The Carter Center Blog

Notes From the Field: In Ethiopia, We Handle Trachoma Directly

I learned how great a need there was for eye services in my community during the 10 years I spent working for the Ethiopian government as an ophthalmic expert. Ethiopia has one of the highest rates of blindness in the world, and trachoma is a major cause of this disability in my country.

It is hard to ignore the groups …

Q & A with a Guinea Worm Worker in South Sudan

Tara Brant spent four-and-a-half years working in South Sudan on the front lines of the war on Guinea worm disease. She was a technical assistant and regional coordinator charged with ensuring each case of Guinea worm in her area was contained, educating communities on how to prevent the disease, and tracking down real and rumored outbreaks. She served in South Sudan from 2007 to 2009 and 2011 to 2013. She is currently a graduate student in Liverpool, England.

Watch President Carter’s Remarks to the 67th World Health Assembly

“Today, let us renew our resolve to ensure that 2014 is the last year the world reports cases of Guinea worm disease.” – Former U.S. President Jimmy Carter

In May, President Carter and World Health Organization Director-General Margaret Chan made remarks to an informal meeting of ministers of health of Guinea worm affected countries during the 67th World Health Assembly …

The Sight Behind the Statistic

It may be tempting to hear about a neglected disease like trachoma and the 390 million people globally at risk and think of trachoma only as another sad statistic in a world where there is too much suffering and where there are not enough solutions.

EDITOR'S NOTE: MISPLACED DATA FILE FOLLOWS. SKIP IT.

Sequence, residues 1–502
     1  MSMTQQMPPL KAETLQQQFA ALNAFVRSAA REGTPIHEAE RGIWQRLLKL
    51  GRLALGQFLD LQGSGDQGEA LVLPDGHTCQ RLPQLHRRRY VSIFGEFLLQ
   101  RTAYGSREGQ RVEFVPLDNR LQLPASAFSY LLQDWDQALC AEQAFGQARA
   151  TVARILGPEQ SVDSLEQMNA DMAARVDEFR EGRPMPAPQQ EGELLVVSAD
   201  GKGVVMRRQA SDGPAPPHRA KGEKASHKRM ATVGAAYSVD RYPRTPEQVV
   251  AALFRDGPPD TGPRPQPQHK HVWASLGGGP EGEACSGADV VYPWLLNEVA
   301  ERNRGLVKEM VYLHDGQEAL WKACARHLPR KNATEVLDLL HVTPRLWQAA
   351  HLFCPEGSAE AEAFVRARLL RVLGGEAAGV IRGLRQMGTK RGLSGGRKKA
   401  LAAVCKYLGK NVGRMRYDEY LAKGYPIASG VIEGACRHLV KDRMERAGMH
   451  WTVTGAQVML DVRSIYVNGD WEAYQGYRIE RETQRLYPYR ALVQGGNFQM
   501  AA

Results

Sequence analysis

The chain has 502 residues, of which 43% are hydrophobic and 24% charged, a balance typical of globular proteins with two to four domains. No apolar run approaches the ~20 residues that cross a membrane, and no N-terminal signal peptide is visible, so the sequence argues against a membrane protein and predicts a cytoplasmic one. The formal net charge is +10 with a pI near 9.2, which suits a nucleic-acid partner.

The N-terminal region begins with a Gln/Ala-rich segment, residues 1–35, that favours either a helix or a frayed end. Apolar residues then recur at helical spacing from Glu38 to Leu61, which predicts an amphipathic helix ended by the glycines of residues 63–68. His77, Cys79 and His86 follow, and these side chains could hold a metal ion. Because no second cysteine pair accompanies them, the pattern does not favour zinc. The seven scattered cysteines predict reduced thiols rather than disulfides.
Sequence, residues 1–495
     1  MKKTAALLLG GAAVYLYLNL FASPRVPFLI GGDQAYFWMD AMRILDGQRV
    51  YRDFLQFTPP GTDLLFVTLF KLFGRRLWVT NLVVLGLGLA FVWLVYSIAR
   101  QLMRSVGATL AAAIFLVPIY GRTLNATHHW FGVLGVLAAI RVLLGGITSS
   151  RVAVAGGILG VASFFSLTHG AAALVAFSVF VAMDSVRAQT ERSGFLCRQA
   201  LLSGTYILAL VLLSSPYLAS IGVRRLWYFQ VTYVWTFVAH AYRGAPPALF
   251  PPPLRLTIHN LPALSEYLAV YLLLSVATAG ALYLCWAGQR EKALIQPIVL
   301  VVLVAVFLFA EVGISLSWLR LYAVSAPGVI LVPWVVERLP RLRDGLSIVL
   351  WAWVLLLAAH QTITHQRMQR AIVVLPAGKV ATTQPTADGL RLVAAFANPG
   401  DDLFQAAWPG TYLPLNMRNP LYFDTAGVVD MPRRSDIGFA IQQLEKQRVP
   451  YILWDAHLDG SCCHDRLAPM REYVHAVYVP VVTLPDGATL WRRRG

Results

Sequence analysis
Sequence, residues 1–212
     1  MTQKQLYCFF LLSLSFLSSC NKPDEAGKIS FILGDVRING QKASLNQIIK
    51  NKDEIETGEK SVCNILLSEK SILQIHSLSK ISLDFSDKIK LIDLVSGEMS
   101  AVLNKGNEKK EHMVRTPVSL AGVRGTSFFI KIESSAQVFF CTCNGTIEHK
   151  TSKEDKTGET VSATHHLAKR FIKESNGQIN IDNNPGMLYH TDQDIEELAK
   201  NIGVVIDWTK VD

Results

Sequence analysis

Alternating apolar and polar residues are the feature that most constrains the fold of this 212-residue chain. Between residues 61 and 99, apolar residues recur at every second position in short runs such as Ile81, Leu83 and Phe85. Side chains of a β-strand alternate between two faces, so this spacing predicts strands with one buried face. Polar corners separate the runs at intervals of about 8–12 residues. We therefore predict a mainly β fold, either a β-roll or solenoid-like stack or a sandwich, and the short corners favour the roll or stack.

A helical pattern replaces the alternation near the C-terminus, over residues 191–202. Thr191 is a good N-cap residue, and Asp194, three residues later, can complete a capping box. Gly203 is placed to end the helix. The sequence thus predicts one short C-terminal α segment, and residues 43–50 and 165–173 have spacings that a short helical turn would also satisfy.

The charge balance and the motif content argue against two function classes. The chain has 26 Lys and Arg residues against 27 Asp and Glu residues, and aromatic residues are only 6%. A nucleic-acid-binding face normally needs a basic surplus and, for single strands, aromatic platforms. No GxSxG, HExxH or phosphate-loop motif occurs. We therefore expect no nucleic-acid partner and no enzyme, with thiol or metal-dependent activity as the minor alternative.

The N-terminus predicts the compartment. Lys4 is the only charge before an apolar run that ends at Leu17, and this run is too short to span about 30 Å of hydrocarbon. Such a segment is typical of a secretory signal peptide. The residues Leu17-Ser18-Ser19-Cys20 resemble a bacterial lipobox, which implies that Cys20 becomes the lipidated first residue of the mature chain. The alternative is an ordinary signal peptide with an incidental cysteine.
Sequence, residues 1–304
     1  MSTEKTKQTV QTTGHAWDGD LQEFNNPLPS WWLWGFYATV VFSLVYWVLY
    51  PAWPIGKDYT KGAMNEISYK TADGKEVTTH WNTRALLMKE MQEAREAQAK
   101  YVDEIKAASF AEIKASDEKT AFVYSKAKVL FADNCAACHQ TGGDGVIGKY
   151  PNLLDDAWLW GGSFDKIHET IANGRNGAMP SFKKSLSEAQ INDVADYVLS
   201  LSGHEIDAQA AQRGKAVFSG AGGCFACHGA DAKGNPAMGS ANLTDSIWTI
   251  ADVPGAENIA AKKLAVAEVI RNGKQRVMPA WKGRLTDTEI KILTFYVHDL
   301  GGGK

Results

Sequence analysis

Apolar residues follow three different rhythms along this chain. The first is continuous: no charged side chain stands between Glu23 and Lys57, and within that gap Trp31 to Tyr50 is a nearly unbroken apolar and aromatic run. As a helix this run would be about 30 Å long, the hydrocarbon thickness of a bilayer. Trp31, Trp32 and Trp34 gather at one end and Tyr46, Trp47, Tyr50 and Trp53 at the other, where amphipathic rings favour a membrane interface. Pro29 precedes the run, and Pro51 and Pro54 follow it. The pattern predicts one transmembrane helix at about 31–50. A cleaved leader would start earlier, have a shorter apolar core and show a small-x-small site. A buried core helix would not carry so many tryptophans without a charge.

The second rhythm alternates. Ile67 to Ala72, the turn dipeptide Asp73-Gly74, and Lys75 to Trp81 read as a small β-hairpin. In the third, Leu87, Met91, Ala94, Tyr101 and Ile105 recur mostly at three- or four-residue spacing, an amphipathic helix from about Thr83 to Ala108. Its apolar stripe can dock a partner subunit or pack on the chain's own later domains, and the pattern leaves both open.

Join President Carter’s Call to Action

The suffering of women and girls can be alleviated when individuals take forceful actions, which can impact larger society, asserts President Carter in his new book “A Call to Action.” Political and religious leaders share a special responsibility, but the fact is that all of us can act within our own spheres of influence to meet these challenges.

In “A …

Woman Sees Better Future After Eye Surgery

Stephanie Palmer is assistant director for the Carter Center’s Trachoma Control Program.

Flies buzzed in our faces as Fatahou Ibrahim, a Nigerien public health student, and I interviewed Assana*, a young woman with the eye disease trichiasis, and her mother, Habiba, sitting on colorful plastic mats beneath a tree. Assana, in her early 20s, said that trichiasis felt as though …

Working to Improve the Mental Health Care System in Liberia

Benedict Dossen, a native Liberian and an administrator for the Carter Center’s Liberia Mental Health Program, explains what it is like to watch and help his country heal.

Liberia is a West African country nearly the size of Mississippi with a population of 3.8 million. But unlike many other countries, Liberia only has one practicing psychiatrist. The need for mental …

Technology Aids Center’s Work

The Carter Center is pioneering the use of today’s newest technologies in our efforts to wage peace, fight disease, and build hope in the most isolated and inaccessible places on earth. As a result, we are helping people improve their lives more efficiently and cost-effectively than ever before.

Our work to eradicate and control diseases is a good example. In …

River Blindness Treatment Brings Joy of Marriage Back to Ugandan Village

The success of the Ugandan National Onchocerciasis Program in Abeju means that fewer children will be ostracized because of river blindness.

Many of the benefits of Uganda’s National Onchocerciasis Elimination Program, supported by The Carter Center, are readily apparent: reduced blindness and itching, increased productivity, and better overall health outcomes. For one community in Uganda, however, an additional benefit has …

Celebrating the 100 Millionth Treatment for Blinding Trachoma

In early November, The Carter Center reached a trachoma milestone: supporting the distribution of more than 100 million doses of the trachoma-fighting drug Zithromax®, donated by Pfizer Inc. These treatments were provided over the last 11 years to trachoma-endemic communities in six African countries: Ethiopia, Mali, Nigeria, Niger, Sudan, and South Sudan.

The 100 millionth dose was distributed in Ethiopia’s …